Port Edward Harbour Authority is on a mission to clear its docks of abandoned vessels. In a matter of days, the last of six boats approved for funding through Fisheries and Oceans Canada’s (DFO) Small Craft Harbours’ Abandoned and Wrecked Vessel Removal Program will be grounded for good.
“We’re just in the final stages of the last ones being crushed,” said Keri Weick, the general manager for the Port Edward Harbour Authority. “We have to go through the full process of stripping the boats of anything that can be recycled, anything that can come off those boats. It has to be done environmentally friendly, every regulation has to be hit on. We’ve gone through all those processes.”
The last boats of the six are expected to be taken care of in the next day or two, Weick said.
Initially, Port Edward Harbour Authority identified 40 vessels in Rushbrook, Fairview, Port Edward and Cow Bay in such a derelict state they need to be removed. After submitting their findings to Transport Canada, the harbour authority was asked to narrow their scope for the first application to 10 vessels. On March 12, Transport Canada released a breakdown of the funds allocated to small craft harbours. Of the four harbour authorities, Port Edward could receive up to $113,600 — almost $100,000 more than any other small craft harbour awarded the funds. Port Edward Harbour Authority is also removing six times more vessels.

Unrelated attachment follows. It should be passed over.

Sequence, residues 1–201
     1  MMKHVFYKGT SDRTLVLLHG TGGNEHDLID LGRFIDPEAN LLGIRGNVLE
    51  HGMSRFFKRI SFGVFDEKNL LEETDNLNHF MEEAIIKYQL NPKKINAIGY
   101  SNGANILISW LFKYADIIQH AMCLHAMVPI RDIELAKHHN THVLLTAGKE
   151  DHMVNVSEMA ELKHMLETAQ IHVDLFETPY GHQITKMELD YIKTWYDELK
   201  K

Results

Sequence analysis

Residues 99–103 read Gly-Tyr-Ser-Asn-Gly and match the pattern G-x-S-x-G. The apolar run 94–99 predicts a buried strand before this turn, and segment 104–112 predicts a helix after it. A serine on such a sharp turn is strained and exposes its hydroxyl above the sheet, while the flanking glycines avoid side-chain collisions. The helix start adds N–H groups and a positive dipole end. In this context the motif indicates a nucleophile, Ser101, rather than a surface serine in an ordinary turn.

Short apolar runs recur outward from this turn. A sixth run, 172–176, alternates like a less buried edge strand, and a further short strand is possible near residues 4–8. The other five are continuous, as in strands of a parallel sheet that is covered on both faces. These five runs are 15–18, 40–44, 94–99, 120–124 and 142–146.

Two of the largest boats came from Rushbrook, Weick said. “They were rafted right up to the docks, so other boats would have had to raft to them. Rushbrook is probably our busiest site. If you go down there you’ll see there’s a little bit more space. Not a huge amount, but it is noticeable so at least we can fit other people closer to the dock.”
DFO’s Small Craft Harbours’ Abandoned and Wrecked Vessel Removal Program will be in effect for the next five years, and small craft harbours can continue to apply for funding during that time. For the next application, Port Edward Harbour Authority is applying to remove five more vessels. Weick said she expects to hear back shortly after the deadline this April.
“It’s not that I get that full chunk of money. What’s going to happen is I have to pay for everything and then I will get reimbursed 75 per cent of what I have to pay out,” she said.
“When we go through this next round, we’ll be able to really spot the vessels that are going to need to go. Now that we’ve already got our feet wet, we’re going to be able to go through the third, fourth and fifth round of it and hopefully get the rest of them. I would like to see all of the 40 vessels gone.”
It’s an objective that’s possible in the next five years with the help of funding, Weick said, especially since part of Port Edward Harbour Authority’s regular budget includes the removal of at least three abandoned vessels.